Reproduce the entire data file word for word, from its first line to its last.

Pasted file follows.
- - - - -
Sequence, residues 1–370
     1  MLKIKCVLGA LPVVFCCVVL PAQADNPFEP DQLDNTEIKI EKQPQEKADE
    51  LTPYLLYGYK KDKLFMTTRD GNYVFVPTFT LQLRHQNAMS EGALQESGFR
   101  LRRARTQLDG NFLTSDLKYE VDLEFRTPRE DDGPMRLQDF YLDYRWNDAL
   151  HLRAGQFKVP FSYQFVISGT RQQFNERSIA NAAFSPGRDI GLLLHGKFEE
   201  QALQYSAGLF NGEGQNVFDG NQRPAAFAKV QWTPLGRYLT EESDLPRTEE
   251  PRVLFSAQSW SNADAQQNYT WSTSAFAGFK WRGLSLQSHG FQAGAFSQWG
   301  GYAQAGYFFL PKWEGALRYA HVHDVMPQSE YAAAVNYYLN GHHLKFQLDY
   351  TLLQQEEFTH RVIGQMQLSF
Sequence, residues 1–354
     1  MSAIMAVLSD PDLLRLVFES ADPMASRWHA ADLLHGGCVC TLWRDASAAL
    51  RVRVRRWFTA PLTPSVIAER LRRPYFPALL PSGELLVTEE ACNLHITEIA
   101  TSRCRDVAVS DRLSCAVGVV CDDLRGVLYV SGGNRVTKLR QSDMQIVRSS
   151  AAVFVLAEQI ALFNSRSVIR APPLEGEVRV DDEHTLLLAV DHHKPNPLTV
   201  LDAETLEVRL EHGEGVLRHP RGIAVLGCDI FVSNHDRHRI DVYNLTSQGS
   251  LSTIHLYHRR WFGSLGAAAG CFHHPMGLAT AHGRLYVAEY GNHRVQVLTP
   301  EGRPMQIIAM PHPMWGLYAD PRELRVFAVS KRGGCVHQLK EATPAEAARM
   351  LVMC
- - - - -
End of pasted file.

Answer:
Sequence, residues 1–370
     1  MLKIKCVLGA LPVVFCCVVL PAQADNPFEP DQLDNTEIKI EKQPQEKADE
    51  LTPYLLYGYK KDKLFMTTRD GNYVFVPTFT LQLRHQNAMS EGALQESGFR
   101  LRRARTQLDG NFLTSDLKYE VDLEFRTPRE DDGPMRLQDF YLDYRWNDAL
   151  HLRAGQFKVP FSYQFVISGT RQQFNERSIA NAAFSPGRDI GLLLHGKFEE
   201  QALQYSAGLF NGEGQNVFDG NQRPAAFAKV QWTPLGRYLT EESDLPRTEE
   251  PRVLFSAQSW SNADAQQNYT WSTSAFAGFK WRGLSLQSHG FQAGAFSQWG
   301  GYAQAGYFFL PKWEGALRYA HVHDVMPQSE YAAAVNYYLN GHHLKFQLDY
   351  TLLQQEEFTH RVIGQMQLSF
Sequence, residues 1–354
     1  MSAIMAVLSD PDLLRLVFES ADPMASRWHA ADLLHGGCVC TLWRDASAAL
    51  RVRVRRWFTA PLTPSVIAER LRRPYFPALL PSGELLVTEE ACNLHITEIA
   101  TSRCRDVAVS DRLSCAVGVV CDDLRGVLYV SGGNRVTKLR QSDMQIVRSS
   151  AAVFVLAEQI ALFNSRSVIR APPLEGEVRV DDEHTLLLAV DHHKPNPLTV
   201  LDAETLEVRL EHGEGVLRHP RGIAVLGCDI FVSNHDRHRI DVYNLTSQGS
   251  LSTIHLYHRR WFGSLGAAAG CFHHPMGLAT AHGRLYVAEY GNHRVQVLTP
   301  EGRPMQIIAM PHPMWGLYAD PRELRVFAVS KRGGCVHQLK EATPAEAARM
   351  LVMC